It is idealistic, for sure. But it is also God’s vision. If you decide that life is too hard for God’s vision, too hard to work towards this ultimate goal of beating swords into plowshares and bending spears into pruning hooks, I suppose that is fine, but don’t try to fool yourself by pretending that you are putting your trust in God, or that you are seeking God’s vision. God’s vision is that there is war no more, and maybe that’s a politically incorrect thing to say, but it is in the Bible, so I feel pretty comfortable saying it. You can’t properly have hope, you can’t properly put your trust fully in God our Creator, without working to bring about that vision.
Look, I know we are not there yet. I may be an idealist but I am no fool. We are not there yet. I do not believe will get there before Christmas. But even though the work is hard, and heartbreaking, and just because I may not see the ultimate results of my hard work, God calls us to the work anyway. Just as we wait in Advent for that which has been and is not yet, we wait and work towards God’s original intention for the world—that which was in mind when God said, “Let there be light:” that all may live in peace with one another, that there is enough for everyone, and that we may study war no more.
So I invite you to ask yourself two questions this Advent. First, what is God’s vision for the world? This is the easy question, because the answers are in the book, and it is an open book test, after all. What is God’s vision for the world? It is here, in Isaiah, and it is all throughout the rest of the book, too, so you should not have too hard a time answering. Here’s a hint: it may just involve all the peoples of the world shall beat their swords into plowshares, and their spears into pruning hooks, and that national shall not lift up sword against nation, and neither shall they learn no more. This may just be God’s vision for the world. Isaiah seemed to think so.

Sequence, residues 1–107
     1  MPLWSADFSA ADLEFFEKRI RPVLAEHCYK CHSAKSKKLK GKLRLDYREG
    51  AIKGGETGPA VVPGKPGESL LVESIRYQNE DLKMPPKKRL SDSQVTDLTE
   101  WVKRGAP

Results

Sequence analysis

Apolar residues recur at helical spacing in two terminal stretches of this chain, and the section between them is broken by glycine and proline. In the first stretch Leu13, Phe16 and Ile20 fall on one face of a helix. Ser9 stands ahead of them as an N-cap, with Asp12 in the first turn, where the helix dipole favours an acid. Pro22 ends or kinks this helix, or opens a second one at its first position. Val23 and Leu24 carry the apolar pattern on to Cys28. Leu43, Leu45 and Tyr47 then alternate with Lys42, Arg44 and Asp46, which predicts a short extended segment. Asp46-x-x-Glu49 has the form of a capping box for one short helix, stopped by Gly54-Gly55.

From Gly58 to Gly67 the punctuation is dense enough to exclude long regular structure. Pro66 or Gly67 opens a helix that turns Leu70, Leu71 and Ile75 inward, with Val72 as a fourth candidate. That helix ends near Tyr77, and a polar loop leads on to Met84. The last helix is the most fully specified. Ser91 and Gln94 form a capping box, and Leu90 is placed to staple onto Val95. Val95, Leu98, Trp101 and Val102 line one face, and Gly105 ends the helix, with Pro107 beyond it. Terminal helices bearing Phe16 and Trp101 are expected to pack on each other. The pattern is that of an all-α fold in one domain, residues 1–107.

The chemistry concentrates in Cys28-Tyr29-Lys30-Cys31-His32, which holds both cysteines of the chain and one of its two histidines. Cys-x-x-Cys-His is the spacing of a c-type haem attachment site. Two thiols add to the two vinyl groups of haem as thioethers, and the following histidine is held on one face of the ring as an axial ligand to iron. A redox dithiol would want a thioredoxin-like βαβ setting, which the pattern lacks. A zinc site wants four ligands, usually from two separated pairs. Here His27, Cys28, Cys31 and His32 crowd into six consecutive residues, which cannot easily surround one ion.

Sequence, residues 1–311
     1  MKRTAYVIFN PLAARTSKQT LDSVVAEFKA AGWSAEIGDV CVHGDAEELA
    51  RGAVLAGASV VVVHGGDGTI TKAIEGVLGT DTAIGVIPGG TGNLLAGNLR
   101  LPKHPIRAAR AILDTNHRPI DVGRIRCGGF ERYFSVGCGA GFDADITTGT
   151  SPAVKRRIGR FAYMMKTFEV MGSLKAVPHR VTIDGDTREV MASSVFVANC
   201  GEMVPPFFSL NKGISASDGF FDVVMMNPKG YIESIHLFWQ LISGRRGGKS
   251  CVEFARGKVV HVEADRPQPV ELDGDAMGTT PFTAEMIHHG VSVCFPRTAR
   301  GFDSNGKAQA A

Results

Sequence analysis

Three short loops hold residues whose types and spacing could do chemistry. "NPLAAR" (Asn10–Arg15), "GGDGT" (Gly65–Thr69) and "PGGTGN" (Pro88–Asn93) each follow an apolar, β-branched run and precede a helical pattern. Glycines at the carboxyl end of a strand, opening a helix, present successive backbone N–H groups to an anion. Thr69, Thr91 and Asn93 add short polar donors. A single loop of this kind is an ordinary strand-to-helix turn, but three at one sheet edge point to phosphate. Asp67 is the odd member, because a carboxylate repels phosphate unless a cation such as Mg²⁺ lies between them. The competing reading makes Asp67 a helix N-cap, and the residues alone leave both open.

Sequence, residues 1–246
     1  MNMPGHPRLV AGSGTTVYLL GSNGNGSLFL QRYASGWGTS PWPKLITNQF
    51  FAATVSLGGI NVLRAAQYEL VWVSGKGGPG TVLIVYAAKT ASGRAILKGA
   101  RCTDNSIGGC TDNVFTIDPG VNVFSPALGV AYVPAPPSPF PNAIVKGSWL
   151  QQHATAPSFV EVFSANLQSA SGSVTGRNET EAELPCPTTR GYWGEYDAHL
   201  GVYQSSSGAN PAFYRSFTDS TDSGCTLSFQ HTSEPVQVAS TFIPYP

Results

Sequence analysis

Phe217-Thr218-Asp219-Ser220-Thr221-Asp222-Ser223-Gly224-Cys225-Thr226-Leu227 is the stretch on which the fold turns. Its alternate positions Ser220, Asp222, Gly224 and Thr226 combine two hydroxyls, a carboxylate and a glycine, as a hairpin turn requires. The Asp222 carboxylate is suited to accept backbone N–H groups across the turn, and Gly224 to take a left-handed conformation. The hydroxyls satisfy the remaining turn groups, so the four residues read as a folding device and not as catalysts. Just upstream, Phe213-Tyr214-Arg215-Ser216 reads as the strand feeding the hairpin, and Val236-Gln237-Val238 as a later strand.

The second question is much more difficult, but it is just as important: what am I doing to bring about God’s vision for the world? Not so much what is God’s vision for my life, but what am I doing to bring about God’s vision for the world?
Figure out how to answer those two questions, and I suspect that life will feel less out of control, because you will find yourself working towards God’s plan. It is hard, because God’s vision requires something of all of us, but I believe that if you take God seriously, you will find yourself among a great communion of saints, many who have gone before and many who are with us now, who are assisting God in bringing about a world without hunger and without war. I do not know what your part in this effort looks like. That is between you and God. But I suspect that God has a role for you, no matter who you are, no matter how old, how skilled, how skeptical that this vision will work.
This is difficult work, but God promises that it is indeed possible. And I know no better symbol of God’s promise that this vision is possible than a child, born in a barn, who would grow up to show us a new way. May we take him seriously this season, may we follow his example: now, and always.